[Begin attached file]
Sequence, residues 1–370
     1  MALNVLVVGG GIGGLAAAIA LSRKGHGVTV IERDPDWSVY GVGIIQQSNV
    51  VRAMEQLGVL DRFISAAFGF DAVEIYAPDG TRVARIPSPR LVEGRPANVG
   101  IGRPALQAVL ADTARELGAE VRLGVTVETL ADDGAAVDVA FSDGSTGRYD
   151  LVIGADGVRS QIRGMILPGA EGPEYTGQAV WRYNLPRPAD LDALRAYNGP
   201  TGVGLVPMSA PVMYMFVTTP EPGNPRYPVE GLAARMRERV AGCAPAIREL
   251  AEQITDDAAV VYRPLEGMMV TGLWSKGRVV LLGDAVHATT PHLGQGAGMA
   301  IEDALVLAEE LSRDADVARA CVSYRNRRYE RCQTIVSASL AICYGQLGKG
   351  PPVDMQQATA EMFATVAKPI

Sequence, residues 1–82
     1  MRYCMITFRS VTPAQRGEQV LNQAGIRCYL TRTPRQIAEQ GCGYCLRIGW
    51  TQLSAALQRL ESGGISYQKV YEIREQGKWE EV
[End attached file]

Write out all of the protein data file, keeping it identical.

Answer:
Sequence, residues 1–370
     1  MALNVLVVGG GIGGLAAAIA LSRKGHGVTV IERDPDWSVY GVGIIQQSNV
    51  VRAMEQLGVL DRFISAAFGF DAVEIYAPDG TRVARIPSPR LVEGRPANVG
   101  IGRPALQAVL ADTARELGAE VRLGVTVETL ADDGAAVDVA FSDGSTGRYD
   151  LVIGADGVRS QIRGMILPGA EGPEYTGQAV WRYNLPRPAD LDALRAYNGP
   201  TGVGLVPMSA PVMYMFVTTP EPGNPRYPVE GLAARMRERV AGCAPAIREL
   251  AEQITDDAAV VYRPLEGMMV TGLWSKGRVV LLGDAVHATT PHLGQGAGMA
   301  IEDALVLAEE LSRDADVARA CVSYRNRRYE RCQTIVSASL AICYGQLGKG
   351  PPVDMQQATA EMFATVAKPI

Sequence, residues 1–82
     1  MRYCMITFRS VTPAQRGEQV LNQAGIRCYL TRTPRQIAEQ GCGYCLRIGW
    51  TQLSAALQRL ESGGISYQKV YEIREQGKWE EV